Skip to main content

Do cats learn from other cats?

Mum taught me - Photo by yajico
Yes, cats are "excellent observational learners". They can learn by watching another cat do something and they do this quite quickly. Kittens learn fastest when they watch their mother. This form of learning usually applies to learning hunting skills. The mother starts by bring dead prey back to the nest (den) and then live prey when the kittens are about four weeks of age. Thereafter the kittens might accompany their mother hunting and learn from that experience. If a kitten's mother is present when her kittens are being introduced and socialized to people, they learn more quickly. Kittens also learn social skills from observation. (1)

As humans are surrogate mothers, cats learn from us sometimes. An examples is opening doors. There are many examples of cats opening doors by depressing a door handle having jumped up to it. I remember a video of a cat watching TV. The program showed a boxing match. The cat was waving his arms around as if boxing. Individual cats might learn from watching TV.

Observational learning of social skills is important in groups as communication between cats is important for the well being and survival of the group. Cats learning from other cats is an efficient way to problem solve.

Cats who live together often teach each other certain forms of behavior. A typical example in a household is a new cat learning how to use the cat flap (door) by watching an existing cat use it. My older cat has taught my younger boy cat that the garden is safe to visit and certain parts are good places to rest and watch.

Although mother cat provides the main source of learning, other relatives and particularly fathers play a role. In colonies of ferals cats and multicat households learning social skills from parents and indeed other cats is important for the harmony of the colony.

Some commentators say that learning by watching is not so much about copying mother doing something but more about acting "as a stimulus for the cat to focus attention on the problems..." (2)

See: Cat Training Fundamentals | Cat Clicker Training


(1) The Welfare of Cats by Irene Rochlitz - ISBN-13: 978-1402061431

(2) The Cat It's Behavior, Nutrition & Health - ISBN 978-0-8138-0331-9


Popular posts from this blog

Cat Ear Mites

Brown gunge. Yes, I know this is a ferret! It does show the build up of dark brown to black ear wax caused by the presence of the cat ear mites in the outer ear canal. This parasite is not restricted to the domestic cat, which makes this photo valid and a useful illustration (I was unable to find a suitable photo of a cat with the condition). Photo Stacy Lynn Baum under a creative commons license. Ear mites (minute crab like creatures) are one of the causes of inflammation of the outer ear canal (scientific term for this inflammation is Otitis externa ). The outer ear canal is the tube that runs from outside to the ear drum (the pathway for the reception of sound), which can be seen when looking at the ear. Otitis externa affects humans and often swimmers as it is called "swimmer's ear" in humans. This YouTube video show ear mites under a microscope. They are not actually in the ear in this video. There are many possible causes of Otitis externa in c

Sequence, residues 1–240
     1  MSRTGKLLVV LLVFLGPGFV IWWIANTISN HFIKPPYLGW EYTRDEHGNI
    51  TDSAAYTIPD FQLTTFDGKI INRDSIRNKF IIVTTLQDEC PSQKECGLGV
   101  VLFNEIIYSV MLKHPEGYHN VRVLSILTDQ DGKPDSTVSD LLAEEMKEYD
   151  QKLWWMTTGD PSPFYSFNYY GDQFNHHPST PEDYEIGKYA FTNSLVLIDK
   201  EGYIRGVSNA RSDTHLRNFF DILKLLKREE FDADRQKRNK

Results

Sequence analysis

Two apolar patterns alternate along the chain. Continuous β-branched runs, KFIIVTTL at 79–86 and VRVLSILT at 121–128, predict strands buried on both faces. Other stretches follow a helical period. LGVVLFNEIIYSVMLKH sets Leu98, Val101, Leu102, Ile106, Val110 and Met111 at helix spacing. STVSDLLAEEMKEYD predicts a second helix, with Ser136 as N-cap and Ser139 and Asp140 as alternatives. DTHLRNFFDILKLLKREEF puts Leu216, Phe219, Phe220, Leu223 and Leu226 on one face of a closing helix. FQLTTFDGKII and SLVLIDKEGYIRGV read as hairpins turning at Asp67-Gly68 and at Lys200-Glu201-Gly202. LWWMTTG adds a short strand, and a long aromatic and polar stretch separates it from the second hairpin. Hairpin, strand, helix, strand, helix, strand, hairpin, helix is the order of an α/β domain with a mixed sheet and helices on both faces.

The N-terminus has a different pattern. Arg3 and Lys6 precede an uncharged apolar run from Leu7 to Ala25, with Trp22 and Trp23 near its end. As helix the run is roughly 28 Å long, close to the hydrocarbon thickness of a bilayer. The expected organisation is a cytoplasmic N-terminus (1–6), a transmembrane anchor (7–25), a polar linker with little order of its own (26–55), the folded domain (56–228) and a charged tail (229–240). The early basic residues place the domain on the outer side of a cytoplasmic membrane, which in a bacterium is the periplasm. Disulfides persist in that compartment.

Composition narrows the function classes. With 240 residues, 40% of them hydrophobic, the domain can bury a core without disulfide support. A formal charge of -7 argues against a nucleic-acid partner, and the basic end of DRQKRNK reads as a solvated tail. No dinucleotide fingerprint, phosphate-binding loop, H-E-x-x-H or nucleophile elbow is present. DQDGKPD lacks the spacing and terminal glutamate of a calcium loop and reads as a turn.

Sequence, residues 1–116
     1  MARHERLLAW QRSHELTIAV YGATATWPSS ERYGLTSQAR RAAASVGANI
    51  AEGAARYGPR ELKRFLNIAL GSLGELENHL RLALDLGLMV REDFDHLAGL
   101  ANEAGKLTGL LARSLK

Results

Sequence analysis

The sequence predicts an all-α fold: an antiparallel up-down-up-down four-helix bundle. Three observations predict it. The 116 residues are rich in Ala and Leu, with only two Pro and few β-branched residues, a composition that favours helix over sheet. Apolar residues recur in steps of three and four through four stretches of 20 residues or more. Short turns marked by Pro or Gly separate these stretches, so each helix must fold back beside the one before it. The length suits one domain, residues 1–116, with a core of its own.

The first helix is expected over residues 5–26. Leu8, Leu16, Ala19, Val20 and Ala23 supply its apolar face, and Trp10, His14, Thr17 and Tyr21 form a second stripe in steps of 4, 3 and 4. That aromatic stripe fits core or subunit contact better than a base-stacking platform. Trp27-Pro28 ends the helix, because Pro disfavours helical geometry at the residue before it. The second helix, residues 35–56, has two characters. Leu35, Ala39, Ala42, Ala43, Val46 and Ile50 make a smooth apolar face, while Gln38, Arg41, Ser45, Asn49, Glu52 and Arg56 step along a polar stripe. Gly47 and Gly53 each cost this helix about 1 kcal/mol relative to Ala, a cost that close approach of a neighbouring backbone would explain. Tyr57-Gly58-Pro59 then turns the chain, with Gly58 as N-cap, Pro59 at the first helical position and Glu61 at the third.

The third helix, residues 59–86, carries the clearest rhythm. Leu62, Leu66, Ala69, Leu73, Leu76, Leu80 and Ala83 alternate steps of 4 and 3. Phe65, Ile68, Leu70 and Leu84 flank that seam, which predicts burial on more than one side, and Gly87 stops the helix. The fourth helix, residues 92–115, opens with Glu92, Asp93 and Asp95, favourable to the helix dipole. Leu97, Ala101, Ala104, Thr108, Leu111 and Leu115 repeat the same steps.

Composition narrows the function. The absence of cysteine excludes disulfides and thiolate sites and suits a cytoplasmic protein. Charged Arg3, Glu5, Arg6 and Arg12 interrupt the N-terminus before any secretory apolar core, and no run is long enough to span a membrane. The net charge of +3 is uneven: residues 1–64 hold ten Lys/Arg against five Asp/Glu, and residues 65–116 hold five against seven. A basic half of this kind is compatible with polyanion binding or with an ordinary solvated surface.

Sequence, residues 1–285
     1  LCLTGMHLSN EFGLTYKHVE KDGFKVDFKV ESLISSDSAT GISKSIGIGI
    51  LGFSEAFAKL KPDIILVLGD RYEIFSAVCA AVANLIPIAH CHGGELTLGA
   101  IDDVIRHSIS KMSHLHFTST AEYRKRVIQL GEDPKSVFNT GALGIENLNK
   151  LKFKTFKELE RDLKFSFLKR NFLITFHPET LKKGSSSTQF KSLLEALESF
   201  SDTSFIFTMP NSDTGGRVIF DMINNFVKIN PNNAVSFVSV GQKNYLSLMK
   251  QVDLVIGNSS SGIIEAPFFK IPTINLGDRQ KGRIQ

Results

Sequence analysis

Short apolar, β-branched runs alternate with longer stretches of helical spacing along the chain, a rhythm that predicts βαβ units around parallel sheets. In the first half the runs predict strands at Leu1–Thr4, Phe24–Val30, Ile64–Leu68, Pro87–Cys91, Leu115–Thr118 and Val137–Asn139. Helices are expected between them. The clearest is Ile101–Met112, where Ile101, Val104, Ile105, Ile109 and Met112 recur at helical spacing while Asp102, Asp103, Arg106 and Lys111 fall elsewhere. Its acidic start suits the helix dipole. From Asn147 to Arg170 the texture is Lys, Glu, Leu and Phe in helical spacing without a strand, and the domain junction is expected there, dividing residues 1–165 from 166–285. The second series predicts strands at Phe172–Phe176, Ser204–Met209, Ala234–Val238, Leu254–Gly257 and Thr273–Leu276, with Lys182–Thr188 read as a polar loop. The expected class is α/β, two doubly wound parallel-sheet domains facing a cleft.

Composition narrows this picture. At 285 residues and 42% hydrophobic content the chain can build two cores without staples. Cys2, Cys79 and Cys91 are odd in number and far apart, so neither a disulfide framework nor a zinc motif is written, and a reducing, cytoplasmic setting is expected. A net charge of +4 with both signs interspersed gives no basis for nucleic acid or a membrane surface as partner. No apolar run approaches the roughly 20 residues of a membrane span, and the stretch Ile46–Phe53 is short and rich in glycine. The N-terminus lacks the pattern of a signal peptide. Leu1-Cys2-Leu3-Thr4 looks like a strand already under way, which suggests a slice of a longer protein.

Feline Mange

I'll write about three types of feline mange (a) feline scabies or head mange (b) demodectic mange and (c) sarcoptic mange. The source material is from Cat Owner's Home Veterinary Handbook - the best on the market . Generalised feline mange? Puerto Rico - Photo by Gotham City Lost And Found Feline Scabies - head mange Head mange or feline scabies, is a fairly rare condition in cats, which is caused by the Notoedres mite (head mite) that only reproduces on cats. The female mites burrow a few millimeters (that is a lot) into the skin around the head, and neck to lay eggs, which hatch and lay their own eggs. Their presence and activities causes intense itching that in turn causes the cat to scratch. The scratching will obviously be noticed and it will cause the skin to become red, scratched and worse infected. Symptoms: hair loss and scabs, thick wrinkled skin and grey/yellow crusts form plus the symptoms of scratching. Feline mange (head mange) is contagious and tr

Cat Anatomy

Cat Anatomy - Photo by Curious Expeditions . The picture above was taken at Wax Anatomical Models at La Specola in Florence, Italy. The photograph is published under a creative commons license kindly granted by the photographer. I am sorry if it is a bit gruesome. It is pretty well all I could find as an illustration that was licensed for publication. Cat Anatomy is a very wide ranging subject. The anatomy of a cat is very similar to human anatomy. If you were writing a biology book for students of biology you would go through every part of the a cat's anatomy in some detail. It would be similar to writing a book about the human anatomy. It would be a thick book and pretty boring for your average internet surfer. So, how do you limit such a big subject and make this post meaningful? The answer I think lies in doing two things: Having a quick general look at cat anatomy - an overview and; Focusing on the areas of cat anatomy that are particular to the cat and of parti